Saturday, February 05, 2011
BS Alert by Brett Narloch
State legislators have been using a wide range of tactics to minimize or completely eliminate the effects of Obamacare on North Dakota citizens. The four major ways include resolutions urging the US Congress to repeal, authorizing a state compact to make it legally unenforceable, a state constitutional amendment protecting individual rights to participate in any health care system, and the outright state nullification of the new laws. Click HERE to get a more in-depth look at each of these options.
In a letter opinion to ND State Reps. Al Carlson and Robin Weisz, North Dakota Attorney General wrote that he believes that some of the options legislators have been looking at would violate the supremacy clause of the US Constitution and would be unconstitutional if challenged. The opinion specifically addressed HB1286, which would make it a crime for anyone to enforce health care laws that have not been approved by the North Dakota legislature.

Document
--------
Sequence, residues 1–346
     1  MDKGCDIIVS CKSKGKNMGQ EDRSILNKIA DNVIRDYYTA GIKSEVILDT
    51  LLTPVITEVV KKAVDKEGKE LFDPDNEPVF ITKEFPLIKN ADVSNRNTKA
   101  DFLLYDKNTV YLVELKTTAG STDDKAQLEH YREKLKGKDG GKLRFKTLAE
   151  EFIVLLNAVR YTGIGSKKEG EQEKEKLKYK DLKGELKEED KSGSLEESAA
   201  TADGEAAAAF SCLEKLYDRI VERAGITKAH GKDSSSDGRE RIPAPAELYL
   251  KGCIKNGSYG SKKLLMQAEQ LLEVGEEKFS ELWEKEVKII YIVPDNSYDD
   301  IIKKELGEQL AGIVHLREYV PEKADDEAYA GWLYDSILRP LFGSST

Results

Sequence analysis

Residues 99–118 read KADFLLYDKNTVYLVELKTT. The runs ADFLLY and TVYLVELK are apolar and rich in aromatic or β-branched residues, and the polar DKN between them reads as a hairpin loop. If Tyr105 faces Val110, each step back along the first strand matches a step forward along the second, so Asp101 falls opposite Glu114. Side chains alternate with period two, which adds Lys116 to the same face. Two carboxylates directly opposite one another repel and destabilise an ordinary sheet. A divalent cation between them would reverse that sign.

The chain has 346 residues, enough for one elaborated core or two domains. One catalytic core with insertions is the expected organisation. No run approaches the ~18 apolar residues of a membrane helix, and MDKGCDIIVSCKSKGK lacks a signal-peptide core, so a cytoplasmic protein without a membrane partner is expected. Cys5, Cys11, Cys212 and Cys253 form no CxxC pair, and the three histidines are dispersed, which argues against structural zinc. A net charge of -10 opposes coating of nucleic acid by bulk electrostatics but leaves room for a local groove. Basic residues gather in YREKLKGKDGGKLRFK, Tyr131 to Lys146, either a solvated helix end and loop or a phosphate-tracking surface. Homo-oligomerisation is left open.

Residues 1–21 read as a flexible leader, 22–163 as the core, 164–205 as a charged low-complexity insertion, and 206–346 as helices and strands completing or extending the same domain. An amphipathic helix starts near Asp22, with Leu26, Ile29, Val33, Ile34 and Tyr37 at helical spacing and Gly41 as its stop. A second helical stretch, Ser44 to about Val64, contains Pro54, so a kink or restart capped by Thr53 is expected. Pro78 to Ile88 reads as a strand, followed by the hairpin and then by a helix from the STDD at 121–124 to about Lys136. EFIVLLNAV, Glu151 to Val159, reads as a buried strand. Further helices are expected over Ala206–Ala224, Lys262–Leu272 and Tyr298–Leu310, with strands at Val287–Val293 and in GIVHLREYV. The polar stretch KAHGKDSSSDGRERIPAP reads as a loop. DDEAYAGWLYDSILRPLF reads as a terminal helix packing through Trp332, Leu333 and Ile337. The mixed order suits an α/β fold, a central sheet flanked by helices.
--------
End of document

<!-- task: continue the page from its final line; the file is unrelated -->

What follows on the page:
The most interesting part of the opinion is the following:
"I am unable to provide a specific opinion on the constitutionality of H.B. 1286. However, based on the plain language of H.B.1286, it is my opinion that it is likely preempted by federal law, and, thus, likely violative of the Supremacy Clause." (Emphasis mine.)
So the question is, why did Stenehjem go beyond HB1286 and offer a hypothetical about a situation that may come up if state law conflicts with federal law? Couldn't he have simply stated that he is unable to give a specific opinion on the constitutionality of the bill and leave it at that?
It seems as though this might have been motivated by politics and was perhaps a move to discourage state legislators from passing legislation attacking Obamacare. That's BS.Supremecy Opinion